Jim Nickel is in the guest chair today while Jim Engster is away, and Nickel's brought with him three guests to help us cover politics, football and the recent advances in cancer prevention here in Baton Rouge.
Stuart Rothenberg of PBS and rothenbergpoliticalreport.com joins us for the first segment today to talk a little politics with Nickel. Stu and Nickel talk about the recent poll numbers and overall rating on President Obama so far in his sixth year in office, recent news concerning Louisiana politics, and more.
LSU Athletic Director Joe Alleva is with us for the second segment of today's show, and he and Nickel talk about the newly renovated Tiger Stadium. Food stands, restrooms, TV's and about 24,000 seats are just a few of the recent additions to Death Valley, and Alleva touts how these add-on's enhance the experience for fans on Saturday nights. They also discuss the long-time hot debate topic of whether or not college athletes should be paid; the new SEC Network; and much, much more.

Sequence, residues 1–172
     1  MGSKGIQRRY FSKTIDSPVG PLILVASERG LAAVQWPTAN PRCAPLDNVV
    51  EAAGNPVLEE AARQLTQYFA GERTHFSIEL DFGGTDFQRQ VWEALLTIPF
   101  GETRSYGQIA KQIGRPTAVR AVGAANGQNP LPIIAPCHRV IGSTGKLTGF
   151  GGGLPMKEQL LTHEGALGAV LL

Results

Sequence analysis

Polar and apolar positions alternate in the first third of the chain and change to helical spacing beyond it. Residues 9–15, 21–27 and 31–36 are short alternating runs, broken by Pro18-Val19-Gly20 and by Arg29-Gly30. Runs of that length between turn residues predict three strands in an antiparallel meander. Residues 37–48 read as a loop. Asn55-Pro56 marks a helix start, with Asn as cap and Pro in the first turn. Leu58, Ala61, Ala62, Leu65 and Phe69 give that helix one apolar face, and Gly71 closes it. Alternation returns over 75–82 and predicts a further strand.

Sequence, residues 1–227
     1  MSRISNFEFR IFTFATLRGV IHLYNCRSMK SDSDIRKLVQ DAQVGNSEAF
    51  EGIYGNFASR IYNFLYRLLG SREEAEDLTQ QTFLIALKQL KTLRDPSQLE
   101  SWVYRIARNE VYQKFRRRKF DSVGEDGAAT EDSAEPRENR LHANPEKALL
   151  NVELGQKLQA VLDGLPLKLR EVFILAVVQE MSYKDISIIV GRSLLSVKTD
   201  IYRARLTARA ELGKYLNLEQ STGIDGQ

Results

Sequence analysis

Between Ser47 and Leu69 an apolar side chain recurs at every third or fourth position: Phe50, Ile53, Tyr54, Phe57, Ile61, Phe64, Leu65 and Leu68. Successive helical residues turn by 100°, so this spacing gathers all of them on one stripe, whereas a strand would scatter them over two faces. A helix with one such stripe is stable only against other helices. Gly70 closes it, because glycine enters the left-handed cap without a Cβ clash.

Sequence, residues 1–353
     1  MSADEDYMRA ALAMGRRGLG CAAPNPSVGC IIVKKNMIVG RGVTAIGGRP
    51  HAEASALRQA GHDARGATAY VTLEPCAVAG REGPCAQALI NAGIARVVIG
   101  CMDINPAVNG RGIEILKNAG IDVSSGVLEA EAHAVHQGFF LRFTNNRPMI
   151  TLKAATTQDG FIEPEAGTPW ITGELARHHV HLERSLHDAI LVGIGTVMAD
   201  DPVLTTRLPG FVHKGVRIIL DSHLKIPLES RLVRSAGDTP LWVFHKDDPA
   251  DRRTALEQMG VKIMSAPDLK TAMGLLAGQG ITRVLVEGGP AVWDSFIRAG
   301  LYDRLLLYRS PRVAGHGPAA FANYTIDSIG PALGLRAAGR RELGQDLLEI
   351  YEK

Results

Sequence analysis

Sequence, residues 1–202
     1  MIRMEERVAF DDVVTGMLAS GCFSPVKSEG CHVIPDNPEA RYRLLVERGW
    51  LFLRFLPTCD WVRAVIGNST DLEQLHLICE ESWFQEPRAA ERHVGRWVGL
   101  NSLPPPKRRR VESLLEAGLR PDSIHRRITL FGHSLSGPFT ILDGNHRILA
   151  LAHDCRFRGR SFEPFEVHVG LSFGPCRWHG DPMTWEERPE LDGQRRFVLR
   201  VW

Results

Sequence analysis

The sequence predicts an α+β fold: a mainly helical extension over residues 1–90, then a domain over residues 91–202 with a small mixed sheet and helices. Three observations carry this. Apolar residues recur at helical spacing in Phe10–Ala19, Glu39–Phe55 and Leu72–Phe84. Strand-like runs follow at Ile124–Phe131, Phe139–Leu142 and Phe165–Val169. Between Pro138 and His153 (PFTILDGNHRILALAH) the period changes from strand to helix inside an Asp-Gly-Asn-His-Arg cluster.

Also, Dr. Gerald Miletello joins us for the last segment to close out today's show. Dr. Miletello is Hematology Oncologist at Baton Rouge General and he and Nickel discuss the recent advances of the IL-2 Cancer Treatment Program at BR General. Other than Houston, Baton Rouge is the only city in a five state area that administers the use of the IL-2 Program, and Dr. Miletello discusses the success he's had so far in battling cancer.
The state Department of Health and Hospitals has found funds to allow Baton Rouge General Hospital to keep its emergency room open after an imminent threat of closure.
Several local media outlets reported Wednesday morning that the hospital administration had notified staff that the ER would close Nov. 1.
DHH preempted any official closure announcement with a last-minute deal, providing the hospital $18 million in state and federal money to care for the uninsured. Hospital President Mark Slyter called the deal a “hail Mary pass”.
It’s been nearly a year since the state started implementing public-private partnerships for the LSU Hospital System, formerly known as Louisiana’s Charity Hospitals. The plan was pushed as a cost-saver for the state. How is it working out? Good for some and not so good for others—with patients and hospital caregivers caught in the middle.